When scholars write the history of the world twenty years from now, what will they say was the most crucial development in the first few years of the twenty-first century? The attacks on the World Trade Center on 9/11 and the Iraq war? Or the convergence of technology and events that allowed India, China, and so many other countries to become part of the global supply chain for services and manufacturing, creating an explosion of wealth in the middle classes of the world's two biggest nations? And with this "flattening" of the globe, has the world gotten too small and too fast for human beings and their political systems to adjust in a stable manner?
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“One mark of a great book is that it makes you see things in a new way, and Mr. Friedman certainly succeeds in that goal,” the Nobel laureate Joseph E. Stiglitz wrote in The New York Times, reviewing The World Is Flat in 2005. For this updated and expanded edition, Friedman has seen his own book in a new way, bringing fresh stories and insights to help us understand the flattening of the world. New material includes:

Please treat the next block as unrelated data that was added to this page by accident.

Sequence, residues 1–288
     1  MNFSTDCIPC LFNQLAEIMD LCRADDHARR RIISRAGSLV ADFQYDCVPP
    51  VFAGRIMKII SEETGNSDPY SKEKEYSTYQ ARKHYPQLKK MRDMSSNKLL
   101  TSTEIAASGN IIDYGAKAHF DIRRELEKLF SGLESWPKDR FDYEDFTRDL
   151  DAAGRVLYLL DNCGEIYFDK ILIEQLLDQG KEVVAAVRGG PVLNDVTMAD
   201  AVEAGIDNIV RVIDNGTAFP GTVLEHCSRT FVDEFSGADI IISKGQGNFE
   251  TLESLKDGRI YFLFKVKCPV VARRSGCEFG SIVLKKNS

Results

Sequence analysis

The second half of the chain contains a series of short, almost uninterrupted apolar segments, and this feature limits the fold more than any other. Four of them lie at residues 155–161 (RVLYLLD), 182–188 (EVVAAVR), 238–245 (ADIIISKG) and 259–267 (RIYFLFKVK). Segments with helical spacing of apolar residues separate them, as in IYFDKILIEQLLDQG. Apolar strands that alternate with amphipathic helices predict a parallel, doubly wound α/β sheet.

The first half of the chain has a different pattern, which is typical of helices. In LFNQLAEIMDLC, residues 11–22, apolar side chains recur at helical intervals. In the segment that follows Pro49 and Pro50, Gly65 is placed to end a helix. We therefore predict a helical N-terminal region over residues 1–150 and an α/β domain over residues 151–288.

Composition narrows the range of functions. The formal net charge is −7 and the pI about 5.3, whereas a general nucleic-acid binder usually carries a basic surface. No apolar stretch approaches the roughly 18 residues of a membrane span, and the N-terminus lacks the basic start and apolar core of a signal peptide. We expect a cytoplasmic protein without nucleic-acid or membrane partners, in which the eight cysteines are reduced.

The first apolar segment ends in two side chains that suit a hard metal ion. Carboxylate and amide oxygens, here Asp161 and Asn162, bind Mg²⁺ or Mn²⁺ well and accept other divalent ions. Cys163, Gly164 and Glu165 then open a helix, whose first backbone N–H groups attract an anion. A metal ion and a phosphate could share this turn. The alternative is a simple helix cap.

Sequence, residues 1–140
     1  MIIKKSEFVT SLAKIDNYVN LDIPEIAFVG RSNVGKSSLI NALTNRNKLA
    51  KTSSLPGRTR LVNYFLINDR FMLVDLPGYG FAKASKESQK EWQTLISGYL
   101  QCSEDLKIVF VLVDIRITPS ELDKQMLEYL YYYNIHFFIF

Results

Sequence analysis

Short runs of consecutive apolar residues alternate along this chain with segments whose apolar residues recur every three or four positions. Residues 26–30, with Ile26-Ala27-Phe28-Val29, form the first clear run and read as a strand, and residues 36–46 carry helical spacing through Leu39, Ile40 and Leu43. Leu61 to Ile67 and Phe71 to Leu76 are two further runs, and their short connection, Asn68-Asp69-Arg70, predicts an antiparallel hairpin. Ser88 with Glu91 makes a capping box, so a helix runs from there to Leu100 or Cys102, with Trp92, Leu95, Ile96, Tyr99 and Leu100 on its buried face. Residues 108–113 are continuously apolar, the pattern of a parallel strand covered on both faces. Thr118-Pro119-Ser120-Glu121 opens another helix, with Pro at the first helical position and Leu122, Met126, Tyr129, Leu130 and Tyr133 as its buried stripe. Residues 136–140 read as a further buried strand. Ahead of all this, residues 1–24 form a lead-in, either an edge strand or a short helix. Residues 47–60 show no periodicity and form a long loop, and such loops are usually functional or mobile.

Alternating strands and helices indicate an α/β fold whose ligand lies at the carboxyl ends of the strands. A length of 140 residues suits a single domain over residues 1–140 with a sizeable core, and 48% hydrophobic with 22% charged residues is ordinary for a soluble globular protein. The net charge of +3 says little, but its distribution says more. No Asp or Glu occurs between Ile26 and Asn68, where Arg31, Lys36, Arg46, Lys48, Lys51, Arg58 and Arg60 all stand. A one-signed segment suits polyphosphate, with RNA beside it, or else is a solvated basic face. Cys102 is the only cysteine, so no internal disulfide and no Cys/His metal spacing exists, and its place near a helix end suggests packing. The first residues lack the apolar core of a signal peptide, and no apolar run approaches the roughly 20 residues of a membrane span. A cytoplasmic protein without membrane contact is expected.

• The reasons why the flattening of the world “will be seen in time as one of those fundamental shifts or inflection points, like Gutenberg’s invention of the printing press, the rise of the nation-state, or the Industrial Revolution”
• An explanation of “uploading” as one of the ten forces that are flattening the world, as blogging, open-source software, pooled knowledge projects like Wikipedia, and podcasting enable individuals to bring their experiences and opinions to the whole world
• A mapping of the New Middle—the places and spaces in the flat world where
middle-class jobs will be found—and portraits of the character types who will find success as New Middlers
•An account of the qualities American parents and teachers need to cultivate in young people so that they will be able to thrive in the flat world
•A call for a government-led “geo-green” strategy to preserve the environment and natural resources
•An account of the “globalization of the local”: how the flattening of the world is actually strengthening local and regional identities rather than homogenizing the world
Thomas L. Friedman is a three-time Pulitzer Prize--winner and the author of From Beirut to Jerusalem, winner of the National Book Award for nonfiction, The Lexus and the Olive Tree: Understanding Globalization, and Longitudes and Attitudes: Exploring the World After September 11. He lives in Bethesda, Maryland, with his family.
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